No. 1 North Carolina vs. No. 5 Indiana
NCAA tournament East Region
When: 9:57 p.m. Friday
Where: Wells Fargo Arena, Philadelphia
Never miss a local story.
TV/Radio: TBS, WTKK-106.1
Projected starting lineups
G Yogi Ferrell 17.1 ppg, 5.6 apg
G Nick Zeisloft 6.7 ppg, 1.6 rpg
F Troy Williams 13 ppg, 5.9 rpg
F Collin Hartman 4.9 ppg, 3.1 rpg
C Thomas Bryant 11.9 ppg, 5.7 rpg
North Carolina (30-6)
G Joel Berry 12.8 ppg, 3.4 apg
G Marcus Paige 12 ppg, 3.7 apg
F Justin Jackson 12.1 ppg, 3.9 rpg
F Brice Johnson 16.8 ppg, 10.5 rpg
F Kennedy Meeks 9 ppg, 5.8 rpg
Three things to watch
1. How UNC guards the perimeter
Does 3-point field goal percentage defense mean a lot? Perhaps not. Marcus Paige, UNC’s senior guard, questioned its validity earlier this week. Nonetheless, the Tar Heels have allowed opponents to make more than 35 percent of their 3s, and Indiana is one of the nation’s best 3-point shooting teams. The key for UNC: limiting the Hoosiers’ looks. Yogi Ferrell, Robert Johnson and Nick Zeisloft all shoot a lot of 3s (they’ve all attempted at least 114 this season) and they’ve all made at least 41.9 percent of their attempts.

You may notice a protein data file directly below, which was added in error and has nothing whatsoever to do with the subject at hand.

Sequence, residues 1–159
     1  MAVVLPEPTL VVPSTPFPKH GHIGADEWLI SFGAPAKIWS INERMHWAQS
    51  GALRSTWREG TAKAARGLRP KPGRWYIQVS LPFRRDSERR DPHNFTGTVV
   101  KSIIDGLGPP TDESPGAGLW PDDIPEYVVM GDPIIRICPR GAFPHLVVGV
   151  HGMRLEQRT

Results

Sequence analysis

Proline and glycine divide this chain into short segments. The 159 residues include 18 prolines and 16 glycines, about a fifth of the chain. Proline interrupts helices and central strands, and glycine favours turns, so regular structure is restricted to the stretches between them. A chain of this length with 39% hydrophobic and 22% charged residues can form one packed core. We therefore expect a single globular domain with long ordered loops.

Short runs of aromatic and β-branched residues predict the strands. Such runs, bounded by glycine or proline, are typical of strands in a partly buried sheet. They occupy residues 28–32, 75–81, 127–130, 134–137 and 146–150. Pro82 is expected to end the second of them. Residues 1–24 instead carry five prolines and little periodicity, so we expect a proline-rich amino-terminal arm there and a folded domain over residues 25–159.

2. Battle in the backcourt
After they won the ACC championship game against Virginia, North Carolina’s Marcus Paige and Joel Berry spoke openly about how they’d been a bit overlooked when it came to being considered among the nation’s best backcourts. Paige and Berry were outstanding in the ACC tournament and they have to be at their best now, especially amid the challenge of facing Indiana’s guard-heavy team, led by Yogi Ferrell. He’s one of the best point guards in the country, but the Hoosiers have plenty of capable ball-handlers and shooters. Defensively, at least, Berry and Paige will be as challenged as they’ve been all season. Offensively, they have to do their part to match Indiana’s effective offense.
3. Whether the Tar Heels can turn it up in transition
If there’s one area where the Tar Heels have a clear statistical advantage, it’s probably in the category of turnovers. UNC hasn’t forced an especially large amount of them. The Tar Heels rank in the middle of the pack nationally, according to kenpom.com, in turnover rate. But taking care of the ball hasn’t exactly been among Indiana’s strengths. The Hoosiers rank 273rd nationally in turnover rate, and commit turnovers on almost one of every five of their possessions, according to kenpom. UNC thrives in transition, and those turnovers – if UNC forces them – could lead to prime scoring chances. UNC is 23-1 this season when it scores at least 10 fast break points.